Georgia House approves $470M to fund hurricane relief

November 15, 2018 GMT

ATLANTA (AP) — The Georgia House overwhelmingly approved $470 million in emergency aid and tax credits Thursday to help communities devastated by Hurricane Michael, citing a dire need for help with ruined cotton fields and shattered timberland across a broad swath of the state.

The aid money sought by Gov. Nathan Deal passed the House on the third day of a special session called after the storm inflicted severe damage in the heart of Georgia’s agricultural economy. The funding still must pass the state Senate.


The House voted 162-1 to approve a $270 million aid package. The bill adds $69 million in state matching funds required for Georgia to receive disaster aid from the Federal Emergency Management Agency. It also includes $55 million to help farmers saddled with production loans and destroyed crops that would have repaid them. Another $20 million will help owners of commercial timberland clear broken trees.

A separate bill for $200 million in tax credits to help commercial timber growers replant vast acreage damaged by the storm also won House approval 157-2.

Lawmakers acknowledged the money won’t come close to covering Georgia’s losses.

“This may well just be a start to what we need to do to help our folks across the state,” said House Appropriation Chairman Terry England, a Republican from Auburn. “In some areas, we know there are some immediate needs.”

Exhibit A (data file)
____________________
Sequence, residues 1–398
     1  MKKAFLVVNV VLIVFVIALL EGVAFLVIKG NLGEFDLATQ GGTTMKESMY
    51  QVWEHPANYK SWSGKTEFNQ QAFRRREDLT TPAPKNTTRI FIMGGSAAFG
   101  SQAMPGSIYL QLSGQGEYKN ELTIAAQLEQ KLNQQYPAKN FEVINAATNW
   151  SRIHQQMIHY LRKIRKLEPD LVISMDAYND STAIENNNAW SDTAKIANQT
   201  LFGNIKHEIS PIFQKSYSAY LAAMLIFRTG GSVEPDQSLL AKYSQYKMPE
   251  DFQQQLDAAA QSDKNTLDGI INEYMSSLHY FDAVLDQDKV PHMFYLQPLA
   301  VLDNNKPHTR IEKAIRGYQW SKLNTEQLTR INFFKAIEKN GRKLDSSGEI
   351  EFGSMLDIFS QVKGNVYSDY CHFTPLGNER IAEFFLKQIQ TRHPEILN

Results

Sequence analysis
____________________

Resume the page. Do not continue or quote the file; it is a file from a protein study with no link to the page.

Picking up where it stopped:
Agriculture Commissioner Gary Black blames the hurricane for more than $1.6 billion in ruined crops from pecans and cotton to corn and squash. The Georgia Forestry Commission estimates timber losses exceeded $762 million.

Georgians also claimed $696 million in insured losses to homes, businesses and vehicles — a higher cost than the state’s combined losses claimed from Hurricane Matthew in 2016 and Hurricane Irma last year.

“The timing of this storm could not have been worse,” said Rep. Sam Watson, a Republican from Moultrie and a farmer. “The timing of our harvest, the timing of paying back notes, the timing of asking for help from the federal government could not be worse because of holidays and the election.”

Watson said having the legislature act now rather than wait until its regular session in January has given hope and encouragement to his constituents in southwest Georgia.

The tax credit for timberland is intended to encourage Georgia landowners to replant about 2.3 million acres (9,300 square kilometers) damaged by the storm. Farmers are also eligible for the credit to replace decimated pecan orchards.


Landowners in the 28 Georgia counties included in Deal’s emergency declaration from the hurricane would be eligible for the tax credits. They must request approval for the credits before the end of 2019.

State officials estimate the tax credits would cost $75 million in the 2020 fiscal year that starts July 1, then $95 million the following fiscal year. The credits would be capped at $200 million total.